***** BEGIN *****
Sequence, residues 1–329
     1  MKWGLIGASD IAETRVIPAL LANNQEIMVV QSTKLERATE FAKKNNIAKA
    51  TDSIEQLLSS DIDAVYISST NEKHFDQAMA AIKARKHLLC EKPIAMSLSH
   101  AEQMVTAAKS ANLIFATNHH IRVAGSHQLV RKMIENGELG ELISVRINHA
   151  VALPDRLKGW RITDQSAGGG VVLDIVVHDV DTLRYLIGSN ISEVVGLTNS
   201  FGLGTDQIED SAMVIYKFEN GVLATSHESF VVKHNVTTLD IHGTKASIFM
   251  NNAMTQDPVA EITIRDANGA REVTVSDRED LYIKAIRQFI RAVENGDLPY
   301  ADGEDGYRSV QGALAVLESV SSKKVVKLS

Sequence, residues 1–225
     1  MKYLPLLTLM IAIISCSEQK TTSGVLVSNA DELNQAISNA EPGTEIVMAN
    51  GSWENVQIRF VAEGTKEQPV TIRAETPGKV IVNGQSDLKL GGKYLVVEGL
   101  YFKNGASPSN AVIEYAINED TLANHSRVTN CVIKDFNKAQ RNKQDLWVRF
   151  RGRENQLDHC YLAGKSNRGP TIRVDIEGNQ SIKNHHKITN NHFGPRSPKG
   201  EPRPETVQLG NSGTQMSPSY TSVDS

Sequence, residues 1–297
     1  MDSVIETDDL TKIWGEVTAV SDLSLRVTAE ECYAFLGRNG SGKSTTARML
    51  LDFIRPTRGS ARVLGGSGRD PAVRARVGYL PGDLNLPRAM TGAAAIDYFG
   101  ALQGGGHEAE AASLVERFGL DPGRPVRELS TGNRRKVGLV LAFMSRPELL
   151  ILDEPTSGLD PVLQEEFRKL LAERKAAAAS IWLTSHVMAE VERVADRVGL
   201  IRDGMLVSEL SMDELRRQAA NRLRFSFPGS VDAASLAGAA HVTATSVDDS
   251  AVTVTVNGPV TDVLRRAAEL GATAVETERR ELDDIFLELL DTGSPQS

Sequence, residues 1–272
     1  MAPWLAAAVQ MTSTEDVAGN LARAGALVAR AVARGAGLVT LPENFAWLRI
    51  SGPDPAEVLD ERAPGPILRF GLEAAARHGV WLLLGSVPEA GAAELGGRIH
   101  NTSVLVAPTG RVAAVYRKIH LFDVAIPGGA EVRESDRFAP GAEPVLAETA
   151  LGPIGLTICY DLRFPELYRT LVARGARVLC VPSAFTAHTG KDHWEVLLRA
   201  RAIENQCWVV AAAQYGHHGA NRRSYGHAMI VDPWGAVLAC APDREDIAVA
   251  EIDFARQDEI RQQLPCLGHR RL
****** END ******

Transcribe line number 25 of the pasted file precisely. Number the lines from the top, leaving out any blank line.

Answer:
   101  NTSVLVAPTG RVAAVYRKIH LFDVAIPGGA EVRESDRFAP GAEPVLAETA